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What The Drinking Song In Loki Episode 3 Really Means

Drinking songs, across most cultures, are all basically a blending of two emotions: merriment and melancholy. If you don't think about them too much, they're bawdy, brash, and they make you want to drink more. But if you actually listen to the words, they are usually depressing, dark ... and they make you want to drink more.

This is true both in real life and in fiction. Case in point — the drinking song that the Loki variant (Tom Hiddleston) sings in "Lamentis," the third episode of his titular Disney+ series. There's at least one very good reason to drink — and feign merriment while also being deeply sad — on Lamentis-1, where Loki and his fellow variant Sylvie (Sophia Di Martino) are stranded: There's a moon about to collide with the planet, killing everyone.

But of course, that's not why Loki is singing an Asgardian drinking song. No, he's singing that song after regaling Sylvie with his tragic adoption story, the terrible fate of his fellow Asgardians at Ragnarok, and about how the one person he loved most of all, his mother Frigga (Rene Russo), was horribly murdered by Dark Elves on another Loki's watch.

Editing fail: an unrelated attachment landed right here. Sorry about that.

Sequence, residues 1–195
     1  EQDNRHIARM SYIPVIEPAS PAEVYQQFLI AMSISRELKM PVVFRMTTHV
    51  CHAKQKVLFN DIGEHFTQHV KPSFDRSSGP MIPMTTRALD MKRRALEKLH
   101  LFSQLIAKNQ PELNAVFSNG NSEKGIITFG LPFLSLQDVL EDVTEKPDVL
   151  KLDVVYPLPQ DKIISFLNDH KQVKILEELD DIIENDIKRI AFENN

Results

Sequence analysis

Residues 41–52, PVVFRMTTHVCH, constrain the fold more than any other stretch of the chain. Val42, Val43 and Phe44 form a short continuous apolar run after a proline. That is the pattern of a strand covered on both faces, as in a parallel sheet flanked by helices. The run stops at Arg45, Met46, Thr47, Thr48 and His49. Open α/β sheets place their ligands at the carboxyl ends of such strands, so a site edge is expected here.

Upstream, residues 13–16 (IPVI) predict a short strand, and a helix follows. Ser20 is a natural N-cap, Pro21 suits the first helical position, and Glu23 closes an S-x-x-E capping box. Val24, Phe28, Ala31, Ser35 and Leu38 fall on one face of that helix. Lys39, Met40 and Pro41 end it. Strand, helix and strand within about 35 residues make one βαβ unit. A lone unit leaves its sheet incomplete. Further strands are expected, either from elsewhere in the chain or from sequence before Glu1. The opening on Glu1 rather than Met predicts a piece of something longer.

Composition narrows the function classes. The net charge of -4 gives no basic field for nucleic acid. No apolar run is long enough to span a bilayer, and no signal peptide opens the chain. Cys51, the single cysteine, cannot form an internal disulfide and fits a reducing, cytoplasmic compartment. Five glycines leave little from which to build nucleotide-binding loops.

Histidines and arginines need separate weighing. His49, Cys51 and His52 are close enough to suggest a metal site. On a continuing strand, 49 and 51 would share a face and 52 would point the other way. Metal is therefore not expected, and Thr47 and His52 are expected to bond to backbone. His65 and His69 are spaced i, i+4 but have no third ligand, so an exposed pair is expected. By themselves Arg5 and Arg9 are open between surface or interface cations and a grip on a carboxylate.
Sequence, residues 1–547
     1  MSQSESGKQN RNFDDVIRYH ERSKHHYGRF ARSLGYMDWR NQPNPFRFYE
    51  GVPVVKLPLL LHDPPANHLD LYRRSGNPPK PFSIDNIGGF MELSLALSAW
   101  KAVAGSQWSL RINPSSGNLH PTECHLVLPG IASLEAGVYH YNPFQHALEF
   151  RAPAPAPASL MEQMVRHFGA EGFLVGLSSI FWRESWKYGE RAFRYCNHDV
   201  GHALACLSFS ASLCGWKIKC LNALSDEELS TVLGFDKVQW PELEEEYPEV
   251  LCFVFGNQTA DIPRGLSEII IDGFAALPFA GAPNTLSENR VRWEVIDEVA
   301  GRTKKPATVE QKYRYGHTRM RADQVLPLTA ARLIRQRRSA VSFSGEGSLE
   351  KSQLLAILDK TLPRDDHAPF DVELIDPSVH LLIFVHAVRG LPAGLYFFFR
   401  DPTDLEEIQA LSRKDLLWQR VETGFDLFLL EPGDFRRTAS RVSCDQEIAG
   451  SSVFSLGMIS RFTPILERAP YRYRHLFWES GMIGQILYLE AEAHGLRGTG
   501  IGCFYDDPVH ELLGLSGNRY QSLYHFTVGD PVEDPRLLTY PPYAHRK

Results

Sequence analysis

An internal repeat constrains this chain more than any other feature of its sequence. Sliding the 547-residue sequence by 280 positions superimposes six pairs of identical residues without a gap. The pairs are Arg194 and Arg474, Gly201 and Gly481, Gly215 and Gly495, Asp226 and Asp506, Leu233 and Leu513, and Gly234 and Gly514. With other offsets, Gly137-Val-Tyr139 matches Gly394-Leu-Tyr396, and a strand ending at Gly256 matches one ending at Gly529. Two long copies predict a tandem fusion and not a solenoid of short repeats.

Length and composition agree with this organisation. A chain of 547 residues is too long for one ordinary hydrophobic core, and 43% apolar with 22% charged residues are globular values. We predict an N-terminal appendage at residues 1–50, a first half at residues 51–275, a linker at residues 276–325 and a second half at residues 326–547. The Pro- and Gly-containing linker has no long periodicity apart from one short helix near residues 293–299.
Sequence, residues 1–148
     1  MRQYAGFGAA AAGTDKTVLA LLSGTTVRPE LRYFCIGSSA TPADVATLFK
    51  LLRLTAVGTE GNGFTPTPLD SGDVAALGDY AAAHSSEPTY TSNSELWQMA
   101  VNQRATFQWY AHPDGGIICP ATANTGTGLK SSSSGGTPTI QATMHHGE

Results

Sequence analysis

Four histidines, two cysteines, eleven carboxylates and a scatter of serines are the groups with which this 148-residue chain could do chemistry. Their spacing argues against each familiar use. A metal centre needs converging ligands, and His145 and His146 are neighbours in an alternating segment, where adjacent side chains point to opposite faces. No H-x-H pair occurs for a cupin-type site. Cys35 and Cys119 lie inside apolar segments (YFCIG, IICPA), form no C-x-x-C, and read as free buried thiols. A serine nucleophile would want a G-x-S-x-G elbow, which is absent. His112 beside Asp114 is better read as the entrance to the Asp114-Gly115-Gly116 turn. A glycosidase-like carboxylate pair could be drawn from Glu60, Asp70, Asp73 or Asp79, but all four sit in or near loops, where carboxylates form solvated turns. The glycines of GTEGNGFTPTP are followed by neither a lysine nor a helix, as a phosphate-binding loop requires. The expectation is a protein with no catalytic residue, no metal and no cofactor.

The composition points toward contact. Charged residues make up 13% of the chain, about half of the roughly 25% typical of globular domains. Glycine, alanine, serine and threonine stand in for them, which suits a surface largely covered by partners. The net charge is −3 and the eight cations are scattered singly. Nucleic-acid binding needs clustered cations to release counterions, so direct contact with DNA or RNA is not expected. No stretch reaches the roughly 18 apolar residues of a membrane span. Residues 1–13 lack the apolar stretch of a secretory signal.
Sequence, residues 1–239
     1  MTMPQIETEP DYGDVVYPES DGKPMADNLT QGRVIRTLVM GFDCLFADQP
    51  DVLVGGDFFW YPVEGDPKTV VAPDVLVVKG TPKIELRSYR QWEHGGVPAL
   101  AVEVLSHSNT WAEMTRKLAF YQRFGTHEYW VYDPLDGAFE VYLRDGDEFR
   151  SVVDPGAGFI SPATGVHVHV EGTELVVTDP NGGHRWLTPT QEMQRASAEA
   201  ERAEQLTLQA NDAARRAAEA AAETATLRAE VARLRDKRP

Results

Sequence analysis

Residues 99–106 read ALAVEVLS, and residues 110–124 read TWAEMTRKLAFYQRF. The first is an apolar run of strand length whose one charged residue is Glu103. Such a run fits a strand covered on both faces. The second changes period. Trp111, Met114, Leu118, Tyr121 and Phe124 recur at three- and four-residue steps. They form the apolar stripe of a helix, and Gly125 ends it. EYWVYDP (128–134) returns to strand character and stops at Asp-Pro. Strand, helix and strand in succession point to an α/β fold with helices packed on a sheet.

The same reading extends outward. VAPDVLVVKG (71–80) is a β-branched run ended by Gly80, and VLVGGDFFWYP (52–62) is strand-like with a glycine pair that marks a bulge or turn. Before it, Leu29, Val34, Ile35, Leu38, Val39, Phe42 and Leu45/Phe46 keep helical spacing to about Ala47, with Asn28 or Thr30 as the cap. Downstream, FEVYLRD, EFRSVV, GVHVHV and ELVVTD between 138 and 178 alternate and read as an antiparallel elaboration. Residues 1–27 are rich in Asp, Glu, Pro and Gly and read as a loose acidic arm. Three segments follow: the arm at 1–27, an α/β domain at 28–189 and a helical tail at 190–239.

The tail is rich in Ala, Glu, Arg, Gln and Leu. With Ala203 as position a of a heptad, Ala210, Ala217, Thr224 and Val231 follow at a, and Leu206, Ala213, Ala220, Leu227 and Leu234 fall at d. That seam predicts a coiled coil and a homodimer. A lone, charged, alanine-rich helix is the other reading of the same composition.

Loki sings his drinking song, entitled "Jeg Saler Min Ganger," in Asgardian — and Asgardian is basically just Norwegian. And wouldn't you know it, if you translate the lyrics from Norwegian to English, they weave a pretty specific and sad story — Loki's.

Play it again, Loki

"Jeg Saler Min Ganger" was composed specifically for "Loki" by Erlend O. Nødtvedt and Benedicte Maurseth. In an interview with Bergens Tidende, Nødtvedt revealed that there are actually four verses to the song (which will eventually be available in its entirety), and he also translated into English the lyrics we did hear:

"In storm-blackened mountains I wander alone

Across glaciers I travel forth

In the apple orchard the fair maiden stands

And sings, 'When will you come home?'

When she sings, she sings, 'Come home.'"

These lyrics speak pretty specifically to all those depressing adventures that this Loki variant has yet to experience. "Storm-blackened mountains" is a pretty apt description of Svartalfheim, where the Dark Elves from "Thor: The Dark World" hail from. And those "glaciers" one might travel forth from could very easily be the icy world of Jotunheim, home of the Frost Giants — aka the world Loki is originally from.

Then there's the fair maiden; sure, we know that Loki is a sweet, chaotic bisexual who's dated princesses and princes both, but none were ever home to him. Loki does speak at length with Sylvie about Frigga, though — the woman who taught him magic, taught him to be powerful, and the only person who ever truly seemed to feel like home to Loki. 

But Frigga is dead; so is the original Loki and so is Asgard. There is no one singing this Loki home. And if you manage to live long enough, the one thing you learn for sure is this: no one can ever truly go home again — and arguably no one in the MCU knows that quite like Loki.

New episodes of "Loki" stream on Disney+ every Wednesday.